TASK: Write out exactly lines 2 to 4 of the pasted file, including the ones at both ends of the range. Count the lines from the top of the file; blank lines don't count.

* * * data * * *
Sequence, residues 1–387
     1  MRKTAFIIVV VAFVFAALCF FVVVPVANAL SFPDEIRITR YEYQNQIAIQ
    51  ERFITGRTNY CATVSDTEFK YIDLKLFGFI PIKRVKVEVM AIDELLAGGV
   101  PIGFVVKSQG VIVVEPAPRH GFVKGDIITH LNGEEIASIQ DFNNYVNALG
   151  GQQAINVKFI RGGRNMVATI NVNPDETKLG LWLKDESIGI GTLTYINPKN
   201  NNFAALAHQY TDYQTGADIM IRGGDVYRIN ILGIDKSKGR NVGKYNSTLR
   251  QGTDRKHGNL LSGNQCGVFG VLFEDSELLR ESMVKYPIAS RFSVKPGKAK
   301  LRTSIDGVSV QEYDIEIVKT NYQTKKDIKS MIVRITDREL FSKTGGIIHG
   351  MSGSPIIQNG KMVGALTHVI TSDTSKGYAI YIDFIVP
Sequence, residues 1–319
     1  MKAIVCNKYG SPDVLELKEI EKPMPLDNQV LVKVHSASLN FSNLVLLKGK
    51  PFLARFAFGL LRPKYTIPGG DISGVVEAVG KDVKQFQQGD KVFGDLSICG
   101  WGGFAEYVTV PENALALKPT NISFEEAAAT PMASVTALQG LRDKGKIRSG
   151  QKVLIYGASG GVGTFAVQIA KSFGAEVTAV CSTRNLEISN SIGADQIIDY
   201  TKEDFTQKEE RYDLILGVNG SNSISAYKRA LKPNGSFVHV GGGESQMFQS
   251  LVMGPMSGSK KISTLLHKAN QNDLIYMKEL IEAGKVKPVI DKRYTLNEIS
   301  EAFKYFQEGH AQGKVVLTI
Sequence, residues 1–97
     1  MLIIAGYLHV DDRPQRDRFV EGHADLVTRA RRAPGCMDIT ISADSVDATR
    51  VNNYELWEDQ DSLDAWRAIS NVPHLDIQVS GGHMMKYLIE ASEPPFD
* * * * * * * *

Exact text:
     1  MRKTAFIIVV VAFVFAALCF FVVVPVANAL SFPDEIRITR YEYQNQIAIQ
    51  ERFITGRTNY CATVSDTEFK YIDLKLFGFI PIKRVKVEVM AIDELLAGGV
   101  PIGFVVKSQG VIVVEPAPRH GFVKGDIITH LNGEEIASIQ DFNNYVNALG